Donald Trump’s immigration plan is certainly guaranteed to get him even more attention than before.

It’s a wish list for the most anti-illegal-immigrant wing of the electorate, although it also features some workable and laudable proposals that are not unique to Trump.

Reading the text of Trump’s document reminds me somewhat of Barack Obama in campaign mode. Not the content, of course—that is very different from Obama’s—but the process: I will do this, I will do that, while ignoring whether what he suggests is workable, how much it would cost, and how Trump would probably have to don the mantle of dictator to accomplish some of it:

The problem with Trump’s wall is that it is infeasible; the geography of the border simply does not allow for one unbroken wall. Nor would it be effective. Even if you could erect this barrier around, say, Florida, walls can be surmounted, tunneled under, and circumvented in other ways. Policing the border requires police; human capital that comes at taxpayer expense. Mexico will not be paying their salaries, but Trump has a plan for that, too: confiscate all remittances from illegal immigrants working in America and hike the fees on all Mexican tourism and work visas. Erecting the structures necessary to identify much less confiscate illegal wages would prove daunting. Even if it was legal and could survive court challenges, a dubious prospect, this is a policy that would require a dramatic expansion of government’s ability to intrude on the lives of American citizens – a principle to which conservatives were once constitutionally opposed…

The unknown tens of millions of illegal immigrants, some of whom have been here for decades and are part of the fabric of their communities, will be rounded up and sent to their countries of origin. Somehow. In order to do this, Trump would triple the Immigration and Customs Enforcement (ICE) forces. ICE presently has an approximately 20,000-strong force, offices in 48 nations, and a $6 billion annual budget. Now triple that, and give them a mandate to arrest and deport all non-citizens…They are to be rounded up, put on a bus, and sent over the border. But only until the “terrific” ones can be identified, amnetized, and reintroduced into the country legally.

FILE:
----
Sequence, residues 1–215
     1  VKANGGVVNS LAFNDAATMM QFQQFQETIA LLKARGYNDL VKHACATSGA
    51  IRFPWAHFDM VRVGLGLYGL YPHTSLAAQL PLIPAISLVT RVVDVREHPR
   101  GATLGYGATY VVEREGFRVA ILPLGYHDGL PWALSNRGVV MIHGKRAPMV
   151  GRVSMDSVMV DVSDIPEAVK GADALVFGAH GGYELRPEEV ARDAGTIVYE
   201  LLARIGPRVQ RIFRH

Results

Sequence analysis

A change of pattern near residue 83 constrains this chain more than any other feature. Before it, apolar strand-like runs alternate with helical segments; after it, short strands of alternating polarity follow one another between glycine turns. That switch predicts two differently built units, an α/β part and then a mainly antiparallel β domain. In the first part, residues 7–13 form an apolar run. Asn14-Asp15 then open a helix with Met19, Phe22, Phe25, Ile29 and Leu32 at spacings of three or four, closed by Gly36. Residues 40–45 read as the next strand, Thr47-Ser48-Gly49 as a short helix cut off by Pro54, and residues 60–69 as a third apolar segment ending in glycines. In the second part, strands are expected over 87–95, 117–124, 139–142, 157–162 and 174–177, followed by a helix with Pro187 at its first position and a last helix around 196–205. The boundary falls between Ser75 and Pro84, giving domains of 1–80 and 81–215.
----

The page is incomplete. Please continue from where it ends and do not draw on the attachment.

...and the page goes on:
The author of that article I just quoted, Noah Rothman at Commentary, thinks Trump’s proposals will hurt Republicans in the election.

I don’t agree; I think the jury is out on that. Of course, many Trump supporters would also consider any harm to the GOP as a positive feature rather than a bug.

If I understand Rothman correctly, he also seems to think that Trump is suggesting that birthright citizenship be rescinded retroactively, and that children of illegal immigrants who have become citizens because they were born here should be deported, too.

But I see nothing in Trump’s proposal that states that is what he is saying, although I suppose he might be. He merely writes that he wants to “end birthright citizenship” for children born here of illegal immigrants, which I take as probably meaning he wants this to happen in the future as a disincentive to the arrival of more illegal immigrants.

That’s actually a suggestion that’s been made many times and in several bills introduced by Senator David Vitter of Lousiana (an idea that I described and supported about a year ago in this post). However, I wonder whether Trump realizes the legislative and legal hurdles involved, or whether he thinks he can just do it by executive order or imperial decree.

[NOTE: Trump is hardly the only candidate making proposals for dealing with illegal immigrants. If you’re interested in comparing Trump’s suggestions to those of the other candidates, this is the best summary I’ve been able to find so far, although I don’t think it’s entirely up to date. And if you want to see two short and interesting videos of Carly Fiorina speaking on the subject, see this.]

[Neo-neocon is a writer with degrees in law and family therapy, who blogs at neo-neocon.]